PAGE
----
In addition The Graduate School has a dedicated training team who provide a comprehensive generic research training programme comprising over 80 different courses.  This central programme exists to complement the more discipline-specific research training mentioned above.


Pastoral care

A number of University support services exist to assist you during your time at Nottingham and beyond.

The Postgraduate Students' Association (PGSA) is a particularly important source of support.



Find a supervisor

We encourage you to get in touch with a member of academic staff about your research proposal before submitting an application. They may be able to help you with your proposal and offer support to find funding opportunities in your area. Use our search to find a supervisor whose expertise matches your own research interests.

Fees and funding


Competitive external studentships or fellowships

These are applied for by the student with the help of a supervisor in the NDDC. This is a common route for clinical PhD students. It often requires the student to do some preliminary work in Nottingham in their spare time or study time whilst in a full-time clinical SHO or SpR post.


University, research councils or charities

These pay your fees and contribute to living expenses. They may be funded by The University of Nottingham or Research Councils or charities. They are advertised by the University of Nottingham both nationally and on the University website. These studentships are the usual source of funding for UK and some EU non-clinical students. They usually pay a stipend, plus the payment of all tuition fees. Individual divisions may also offer their own studentships.

Home and EU students can contact the school for details about upcoming opportunities.

There are several studentship competitions available to international students. These usually pay the fees only and therefore students would generally have to be able to fund their living expenses.


Home/EU students

The University is very successful in attracting sponsorship for research students, particularly from the Research Councils through competitions and annual allocations and with the European Commission’s Marie Curie programme. Please refer to the Graduate School for more information. Studentship opportunities are also available.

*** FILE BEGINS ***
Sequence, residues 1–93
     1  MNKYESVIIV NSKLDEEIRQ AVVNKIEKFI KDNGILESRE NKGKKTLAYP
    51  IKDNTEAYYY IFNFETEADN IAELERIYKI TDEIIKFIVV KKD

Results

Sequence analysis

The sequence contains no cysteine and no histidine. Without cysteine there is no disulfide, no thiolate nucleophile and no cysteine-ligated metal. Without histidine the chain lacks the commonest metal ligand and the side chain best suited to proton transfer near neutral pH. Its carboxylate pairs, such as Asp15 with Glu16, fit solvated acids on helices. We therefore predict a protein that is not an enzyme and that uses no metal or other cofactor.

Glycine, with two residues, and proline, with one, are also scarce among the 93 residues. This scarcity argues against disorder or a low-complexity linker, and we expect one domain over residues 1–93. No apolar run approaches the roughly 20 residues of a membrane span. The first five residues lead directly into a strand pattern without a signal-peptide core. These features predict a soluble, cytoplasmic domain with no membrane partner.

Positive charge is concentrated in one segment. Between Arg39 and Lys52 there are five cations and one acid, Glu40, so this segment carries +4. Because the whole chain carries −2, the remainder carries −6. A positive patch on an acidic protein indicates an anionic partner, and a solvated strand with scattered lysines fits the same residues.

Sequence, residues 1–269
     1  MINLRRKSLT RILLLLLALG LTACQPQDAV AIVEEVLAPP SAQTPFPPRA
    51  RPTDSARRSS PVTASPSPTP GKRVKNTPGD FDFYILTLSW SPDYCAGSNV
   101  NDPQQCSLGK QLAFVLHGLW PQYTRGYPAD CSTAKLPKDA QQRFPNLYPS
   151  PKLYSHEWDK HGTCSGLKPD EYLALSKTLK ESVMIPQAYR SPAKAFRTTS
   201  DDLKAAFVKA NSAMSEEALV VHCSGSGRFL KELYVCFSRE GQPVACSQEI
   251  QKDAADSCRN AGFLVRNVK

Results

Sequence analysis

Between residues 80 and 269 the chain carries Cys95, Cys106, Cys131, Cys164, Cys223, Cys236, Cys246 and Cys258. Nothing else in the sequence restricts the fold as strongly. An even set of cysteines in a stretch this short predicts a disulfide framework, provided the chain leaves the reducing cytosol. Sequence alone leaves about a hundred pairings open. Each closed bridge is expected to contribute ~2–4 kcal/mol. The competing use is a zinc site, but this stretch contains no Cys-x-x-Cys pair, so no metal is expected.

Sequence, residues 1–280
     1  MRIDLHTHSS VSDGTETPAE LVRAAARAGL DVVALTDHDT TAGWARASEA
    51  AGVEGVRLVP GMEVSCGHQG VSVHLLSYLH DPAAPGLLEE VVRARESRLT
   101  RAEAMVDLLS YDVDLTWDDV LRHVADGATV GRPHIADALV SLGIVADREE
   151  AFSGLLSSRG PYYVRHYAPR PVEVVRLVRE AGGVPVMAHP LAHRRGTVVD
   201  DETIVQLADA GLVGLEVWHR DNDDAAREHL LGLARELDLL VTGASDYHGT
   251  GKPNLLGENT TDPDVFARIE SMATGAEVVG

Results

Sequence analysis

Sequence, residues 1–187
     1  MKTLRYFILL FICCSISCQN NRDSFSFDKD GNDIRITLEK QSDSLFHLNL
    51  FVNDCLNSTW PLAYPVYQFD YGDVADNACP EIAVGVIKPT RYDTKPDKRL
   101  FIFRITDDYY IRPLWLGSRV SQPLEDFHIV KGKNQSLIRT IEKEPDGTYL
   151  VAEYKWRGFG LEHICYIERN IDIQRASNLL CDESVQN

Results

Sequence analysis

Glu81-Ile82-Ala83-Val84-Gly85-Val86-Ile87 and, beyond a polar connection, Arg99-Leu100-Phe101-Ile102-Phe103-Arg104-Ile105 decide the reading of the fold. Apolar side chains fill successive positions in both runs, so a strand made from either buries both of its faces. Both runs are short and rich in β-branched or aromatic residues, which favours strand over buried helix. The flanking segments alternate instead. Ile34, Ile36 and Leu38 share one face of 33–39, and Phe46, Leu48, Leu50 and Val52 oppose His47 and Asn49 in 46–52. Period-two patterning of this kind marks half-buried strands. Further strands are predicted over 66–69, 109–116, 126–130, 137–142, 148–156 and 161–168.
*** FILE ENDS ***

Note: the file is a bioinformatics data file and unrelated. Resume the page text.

Government loans for doctoral study

The Government recently introduced doctoral student loans of up to £25,000 for PhDs and equivalent research programmes. Applicants must ordinarily live in England.

Doctoral training programmes

Linked to research councils, doctoral training programmes offer funding opportunities connected to our research priorities.

International and EU students

Research scholarships are available for outstanding international and EU students. You must already have an offer to study at Nottingham to apply. Please note closing dates to ensure your course application is submitted in good time.

Information and advice on funding your degree, living costs and working while you study is available on our website, as well as country-specific resources.




Average starting salary and career progression

In 2015, 93% of postgraduates from the Faculty of Medicine & Health Services who were available for employment had secured work or further study within six months of graduation. The average starting salary was £28,925 with the highest being £70,000.*

*Known destinations of full-time home postgraduates 2014/15. Salaries are calculated based on those in full-time paid employment within the UK.

Career prospects and employability

The University of Nottingham is consistently named as one of the most targeted universities by Britain’s leading graduate employers* and can offer you a head-start when it comes to your career.

Our Careers and Employability Service offers a range of services including advice sessions, employer events, recruitment fairs and skills workshops – and once you have graduated, you will have access to the service for life.

* The Graduate Market 2013-2016, High Fliers Research

Digestive Diseases Centre

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+44 (0)115 823 0018  
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This online prospectus has been drafted in advance of the academic year to which it applies. Every effort has been made to ensure that the information is accurate at the time of publishing, but changes (for example to course content) are likely to occur given the interval between publishing and commencement of the course. It is therefore very important to check this website for any updates before you apply for the course where there has been an interval between you reading this website and applying.